#OnThisDay September 14, 1921 Constance Baker Motley, Manhattan Borough President and the first Black woman named as a federal judge, was born.

Who was Constance Baker Motley?

Glad you asked.

#GladYouAsked
This Queen, who attended my alma mater of Fisk University for two years, was a trailblazer her whole life, was a lawyer🔥, judge🔥🔥, state senator🔥🔥🔥 and Borough President 🔥🔥🔥🔥of Manhattan, New York City.
Born the ninth of 12 children of immigrant parents from the island of Nevis, Motley was simply an amazing high school student. When she graduated, her family didn't have enough money for college and she got a job with the National Youth Administration, a New Deal position.
After giving a speech, a local philanthropist and her church pitched in to send her to Fisk University. After two years there, she returned to New York and graduated from NYU and got her law degree from Columbia Law School.
After graduating from Columbia's Law School in 1946, she was hired by the NAACP Legal Defense and Educational Fund (LDF) as a civil rights lawyer, their first woman attorney. She was the lead trial attorney in MANY early civil rights cases.
Among other casese, she represented Martin Luther King Jr., the Freedom Riders, and the Birmingham Children Marchers. She visited Rev. Martin Luther King Jr. while he sat in jail, as well as spent a night with civil rights activist Medgar Evers under armed guard.
In 1950, she wrote the original complaint in the case of Brown v. Board of Ed. The first Black woman ever to argue a case before the U.S. Supreme Court. In Meredith v. Fair she won James Meredith's fight to be the first Black student to attend the University of MS in 1962.
She won NINETY PERCENT of the cases she argued before SCOTUS y'all. 🔥🤩She was otherwise a key legal strategist in the civil rights movement, helping to desegregate Southern schools, buses, and lunch counters. This Queen was just getting started.
In 1964, Motley was the first BLACK WOMAN elected to the New York State Senate and devoted much of her time to advocated for housing equality for majority-Black and Latinx, low-income tenants. She won re-election handily.
Through her sheer political skill, savvy and genious, she worked within the Democratic Party, resigned her seat and was selected in 1965 as Manhattan Borough President—-the 1st Black woman in that position. In November 1965, she was elected to succeed herself for a full 4yr term.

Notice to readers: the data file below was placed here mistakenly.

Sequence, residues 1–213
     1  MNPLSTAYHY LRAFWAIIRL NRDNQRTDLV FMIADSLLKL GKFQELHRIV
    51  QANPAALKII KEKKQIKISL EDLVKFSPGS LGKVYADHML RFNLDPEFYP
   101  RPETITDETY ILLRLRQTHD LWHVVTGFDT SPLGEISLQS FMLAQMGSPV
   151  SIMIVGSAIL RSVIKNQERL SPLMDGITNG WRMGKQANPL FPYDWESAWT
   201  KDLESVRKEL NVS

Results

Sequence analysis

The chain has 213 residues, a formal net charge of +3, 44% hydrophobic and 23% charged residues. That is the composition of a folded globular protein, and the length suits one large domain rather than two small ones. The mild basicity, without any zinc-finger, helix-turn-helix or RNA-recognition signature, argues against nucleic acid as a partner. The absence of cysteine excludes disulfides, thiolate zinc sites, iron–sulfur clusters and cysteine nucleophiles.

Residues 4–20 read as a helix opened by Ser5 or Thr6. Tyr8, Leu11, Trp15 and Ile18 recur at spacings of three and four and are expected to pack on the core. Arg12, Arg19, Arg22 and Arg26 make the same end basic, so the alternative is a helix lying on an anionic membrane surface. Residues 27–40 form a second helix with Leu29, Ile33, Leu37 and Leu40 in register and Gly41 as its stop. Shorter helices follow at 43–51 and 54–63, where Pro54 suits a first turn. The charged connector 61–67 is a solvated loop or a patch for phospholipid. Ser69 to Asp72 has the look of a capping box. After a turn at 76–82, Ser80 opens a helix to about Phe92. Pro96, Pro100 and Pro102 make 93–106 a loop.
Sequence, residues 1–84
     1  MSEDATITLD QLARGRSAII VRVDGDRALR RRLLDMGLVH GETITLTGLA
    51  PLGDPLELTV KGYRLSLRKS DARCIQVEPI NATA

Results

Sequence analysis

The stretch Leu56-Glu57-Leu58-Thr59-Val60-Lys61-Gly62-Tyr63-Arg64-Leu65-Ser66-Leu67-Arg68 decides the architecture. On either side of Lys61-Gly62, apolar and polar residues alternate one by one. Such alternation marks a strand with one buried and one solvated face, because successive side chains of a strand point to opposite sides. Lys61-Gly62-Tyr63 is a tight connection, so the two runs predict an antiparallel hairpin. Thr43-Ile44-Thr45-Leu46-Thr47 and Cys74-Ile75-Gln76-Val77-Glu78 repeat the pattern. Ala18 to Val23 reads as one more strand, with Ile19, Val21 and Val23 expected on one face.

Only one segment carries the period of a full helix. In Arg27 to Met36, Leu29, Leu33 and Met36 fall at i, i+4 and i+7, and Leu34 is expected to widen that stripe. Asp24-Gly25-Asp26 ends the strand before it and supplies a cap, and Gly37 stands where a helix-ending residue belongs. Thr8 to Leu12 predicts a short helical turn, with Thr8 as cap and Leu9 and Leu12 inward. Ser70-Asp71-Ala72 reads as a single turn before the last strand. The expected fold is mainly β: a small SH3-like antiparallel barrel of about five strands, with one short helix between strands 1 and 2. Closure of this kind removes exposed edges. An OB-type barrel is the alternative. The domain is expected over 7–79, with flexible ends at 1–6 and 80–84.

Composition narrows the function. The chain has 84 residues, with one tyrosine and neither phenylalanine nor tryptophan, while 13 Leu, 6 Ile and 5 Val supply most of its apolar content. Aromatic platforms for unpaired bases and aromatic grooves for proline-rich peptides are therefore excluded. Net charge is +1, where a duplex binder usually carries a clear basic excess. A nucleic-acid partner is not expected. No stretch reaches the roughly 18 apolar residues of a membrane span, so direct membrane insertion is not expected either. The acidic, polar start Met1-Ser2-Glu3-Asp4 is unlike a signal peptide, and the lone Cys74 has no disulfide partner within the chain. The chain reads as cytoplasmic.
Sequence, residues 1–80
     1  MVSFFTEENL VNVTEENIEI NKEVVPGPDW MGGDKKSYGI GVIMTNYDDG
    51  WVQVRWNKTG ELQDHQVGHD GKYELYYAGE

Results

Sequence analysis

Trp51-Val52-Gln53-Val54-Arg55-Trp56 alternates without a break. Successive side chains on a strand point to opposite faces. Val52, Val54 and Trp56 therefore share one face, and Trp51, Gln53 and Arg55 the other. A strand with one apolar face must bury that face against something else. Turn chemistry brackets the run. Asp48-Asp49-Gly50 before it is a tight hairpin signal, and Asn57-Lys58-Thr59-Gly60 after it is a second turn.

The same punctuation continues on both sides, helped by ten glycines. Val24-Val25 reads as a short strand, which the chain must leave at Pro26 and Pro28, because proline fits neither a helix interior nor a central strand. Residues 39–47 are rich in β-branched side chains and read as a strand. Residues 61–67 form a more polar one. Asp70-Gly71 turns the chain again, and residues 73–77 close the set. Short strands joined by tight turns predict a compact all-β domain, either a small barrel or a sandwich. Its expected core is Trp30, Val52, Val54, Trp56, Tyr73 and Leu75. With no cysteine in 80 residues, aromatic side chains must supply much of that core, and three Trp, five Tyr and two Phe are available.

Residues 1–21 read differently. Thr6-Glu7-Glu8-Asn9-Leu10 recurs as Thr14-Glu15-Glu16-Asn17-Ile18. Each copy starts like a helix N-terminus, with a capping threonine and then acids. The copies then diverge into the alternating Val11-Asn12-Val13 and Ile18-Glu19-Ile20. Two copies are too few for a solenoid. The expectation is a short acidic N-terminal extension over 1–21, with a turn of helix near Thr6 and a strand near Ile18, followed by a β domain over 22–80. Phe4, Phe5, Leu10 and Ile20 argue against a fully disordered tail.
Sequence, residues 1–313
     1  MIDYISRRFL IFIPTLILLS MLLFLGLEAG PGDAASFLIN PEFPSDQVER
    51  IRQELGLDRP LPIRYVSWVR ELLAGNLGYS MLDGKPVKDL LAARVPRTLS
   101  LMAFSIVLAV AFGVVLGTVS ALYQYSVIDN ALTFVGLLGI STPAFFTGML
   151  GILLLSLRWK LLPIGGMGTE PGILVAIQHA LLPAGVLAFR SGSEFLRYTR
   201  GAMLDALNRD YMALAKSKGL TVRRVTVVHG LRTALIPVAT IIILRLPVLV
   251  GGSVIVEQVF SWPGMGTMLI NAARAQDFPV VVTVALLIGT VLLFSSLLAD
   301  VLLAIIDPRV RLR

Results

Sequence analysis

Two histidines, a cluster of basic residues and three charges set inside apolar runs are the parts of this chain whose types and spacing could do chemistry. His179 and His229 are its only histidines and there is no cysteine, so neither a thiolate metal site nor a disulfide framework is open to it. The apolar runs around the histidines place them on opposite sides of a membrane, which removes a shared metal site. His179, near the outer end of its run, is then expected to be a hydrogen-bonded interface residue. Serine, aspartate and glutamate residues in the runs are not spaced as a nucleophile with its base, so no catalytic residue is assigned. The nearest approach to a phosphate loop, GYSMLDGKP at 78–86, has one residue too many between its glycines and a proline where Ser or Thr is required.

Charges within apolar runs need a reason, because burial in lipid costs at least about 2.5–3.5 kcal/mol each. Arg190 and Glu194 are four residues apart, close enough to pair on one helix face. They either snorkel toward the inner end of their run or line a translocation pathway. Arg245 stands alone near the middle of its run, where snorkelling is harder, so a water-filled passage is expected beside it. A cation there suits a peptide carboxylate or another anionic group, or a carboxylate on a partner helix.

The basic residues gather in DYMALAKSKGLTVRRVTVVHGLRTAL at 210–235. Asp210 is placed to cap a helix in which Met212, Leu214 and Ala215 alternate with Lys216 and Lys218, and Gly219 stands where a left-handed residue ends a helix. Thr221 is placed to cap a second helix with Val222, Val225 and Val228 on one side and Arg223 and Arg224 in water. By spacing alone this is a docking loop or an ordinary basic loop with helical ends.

Pause here for a second.

Black women have forced, and forged, the Democratic Party from one that founded the KKK to one that elected Barack Obama, Kamala Harris and the first Black woman federal judge.

Remember that.
She was nominated by President Lyndon B. Johnson on January 26, 1966, to a seat on the United States District Court for the Southern District of New York vacated by Judge Archie Owen Dawson. Welp, racism, man, which has been winning since 1526 was gonna rear its head.
Racist ass US Senator James Eastland of MS delayed her confirmation process for 7 months b/c he opposed Baker's victories for the Freedom Riders, integrating the University of MS and, of course, the Brown decision. 🤬🤬🤬🤬
This is the same Sen. Eastland who said Black ppl were inferior animals, SCOTUS's Brown decision was to be ignored, the 3 civil rights workers who were found murdered was a hoax invented by northerners . . . oh man this guy was a horrible human being.
en.wikipedia.org/wiki/James_Eas…
Despite Eastland, she was confirmed by the United States Senate on August 30, 1966 becoming the first Black federal judge. She served as Chief Judge from 1982 to 1986. She assumed senior status on September 30, 1986. Her service ended when she died in 2005.
This member of Alpha Kappa Alpha Sorority, Inc. received hundreds of awards and accolades during her rich, amazing and awesome life. One of her key cases where she was the presiding judge on the case of Blank v. Sullivan & Cromwell, a landmark case for women lawyers.
In Blank, the plaintiffs accused a law firm of sex discrimination. Due to the nature of this case and Motley's gender and race, there were calls for Motley to withdraw from the case assuming she would be biased. 🙄
She fairly, of course, ruled in favor of the plaintiffs. I mean come on now.

casebriefs.com/blog/law/civil…
FIN/

Constance Baker Motley, rest in peace and power Queen.

Sources:
casebriefs.com/blog/law/civil…
en.wikipedia.org/wiki/Constance…

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